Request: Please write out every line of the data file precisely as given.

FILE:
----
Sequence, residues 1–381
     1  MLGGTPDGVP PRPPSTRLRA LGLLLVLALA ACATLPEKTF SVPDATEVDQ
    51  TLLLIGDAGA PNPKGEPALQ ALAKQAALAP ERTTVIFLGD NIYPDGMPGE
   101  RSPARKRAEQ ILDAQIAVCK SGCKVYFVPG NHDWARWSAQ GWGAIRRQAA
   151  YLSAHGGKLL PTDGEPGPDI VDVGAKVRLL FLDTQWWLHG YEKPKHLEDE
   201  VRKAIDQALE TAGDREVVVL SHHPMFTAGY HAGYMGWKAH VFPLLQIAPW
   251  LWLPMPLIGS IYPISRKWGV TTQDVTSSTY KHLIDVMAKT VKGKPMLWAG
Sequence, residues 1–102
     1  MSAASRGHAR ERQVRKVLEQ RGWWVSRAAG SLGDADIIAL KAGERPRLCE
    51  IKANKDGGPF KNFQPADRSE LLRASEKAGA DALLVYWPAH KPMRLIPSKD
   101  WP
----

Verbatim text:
Sequence, residues 1–381
     1  MLGGTPDGVP PRPPSTRLRA LGLLLVLALA ACATLPEKTF SVPDATEVDQ
    51  TLLLIGDAGA PNPKGEPALQ ALAKQAALAP ERTTVIFLGD NIYPDGMPGE
   101  RSPARKRAEQ ILDAQIAVCK SGCKVYFVPG NHDWARWSAQ GWGAIRRQAA
   151  YLSAHGGKLL PTDGEPGPDI VDVGAKVRLL FLDTQWWLHG YEKPKHLEDE
   201  VRKAIDQALE TAGDREVVVL SHHPMFTAGY HAGYMGWKAH VFPLLQIAPW
   251  LWLPMPLIGS IYPISRKWGV TTQDVTSSTY KHLIDVMAKT VKGKPMLWAG
Sequence, residues 1–102
     1  MSAASRGHAR ERQVRKVLEQ RGWWVSRAAG SLGDADIIAL KAGERPRLCE
    51  IKANKDGGPF KNFQPADRSE LLRASEKAGA DALLVYWPAH KPMRLIPSKD
   101  WP